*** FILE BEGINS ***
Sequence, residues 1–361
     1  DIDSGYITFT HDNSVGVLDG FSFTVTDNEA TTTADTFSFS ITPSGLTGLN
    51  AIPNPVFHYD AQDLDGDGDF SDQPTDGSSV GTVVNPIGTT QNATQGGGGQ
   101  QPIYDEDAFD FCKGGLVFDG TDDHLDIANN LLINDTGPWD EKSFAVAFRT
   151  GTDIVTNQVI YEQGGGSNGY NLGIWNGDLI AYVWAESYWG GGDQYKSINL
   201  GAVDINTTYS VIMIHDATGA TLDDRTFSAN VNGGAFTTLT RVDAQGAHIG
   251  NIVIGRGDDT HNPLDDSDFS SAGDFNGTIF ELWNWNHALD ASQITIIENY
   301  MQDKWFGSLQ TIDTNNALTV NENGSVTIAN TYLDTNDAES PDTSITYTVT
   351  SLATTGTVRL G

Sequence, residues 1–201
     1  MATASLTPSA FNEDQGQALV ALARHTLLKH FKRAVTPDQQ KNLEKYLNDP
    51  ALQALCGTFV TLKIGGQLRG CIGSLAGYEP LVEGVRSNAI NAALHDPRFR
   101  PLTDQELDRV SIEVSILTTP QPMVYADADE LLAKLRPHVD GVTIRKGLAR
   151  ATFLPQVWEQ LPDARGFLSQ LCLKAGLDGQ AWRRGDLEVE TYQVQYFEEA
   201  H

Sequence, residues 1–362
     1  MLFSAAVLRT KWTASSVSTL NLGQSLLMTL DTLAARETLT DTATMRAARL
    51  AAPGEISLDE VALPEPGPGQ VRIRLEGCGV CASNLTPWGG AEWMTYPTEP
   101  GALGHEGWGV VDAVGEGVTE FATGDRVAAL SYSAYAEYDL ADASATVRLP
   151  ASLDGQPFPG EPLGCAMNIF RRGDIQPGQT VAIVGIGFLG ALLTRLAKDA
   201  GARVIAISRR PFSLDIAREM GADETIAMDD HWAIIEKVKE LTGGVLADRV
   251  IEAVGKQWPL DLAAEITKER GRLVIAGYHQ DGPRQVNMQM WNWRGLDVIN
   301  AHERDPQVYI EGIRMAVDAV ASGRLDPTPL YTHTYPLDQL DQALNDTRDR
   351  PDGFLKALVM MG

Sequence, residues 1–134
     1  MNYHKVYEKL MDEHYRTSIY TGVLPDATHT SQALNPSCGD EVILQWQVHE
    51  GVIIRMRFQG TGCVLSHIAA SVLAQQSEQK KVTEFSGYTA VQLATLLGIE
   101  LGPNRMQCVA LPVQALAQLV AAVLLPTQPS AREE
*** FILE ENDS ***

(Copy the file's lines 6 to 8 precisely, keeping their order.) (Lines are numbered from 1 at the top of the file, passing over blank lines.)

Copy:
   201  GAVDINTTYS VIMIHDATGA TLDDRTFSAN VNGGAFTTLT RVDAQGAHIG
   251  NIVIGRGDDT HNPLDDSDFS SAGDFNGTIF ELWNWNHALD ASQITIIENY
   301  MQDKWFGSLQ TIDTNNALTV NENGSVTIAN TYLDTNDAES PDTSITYTVT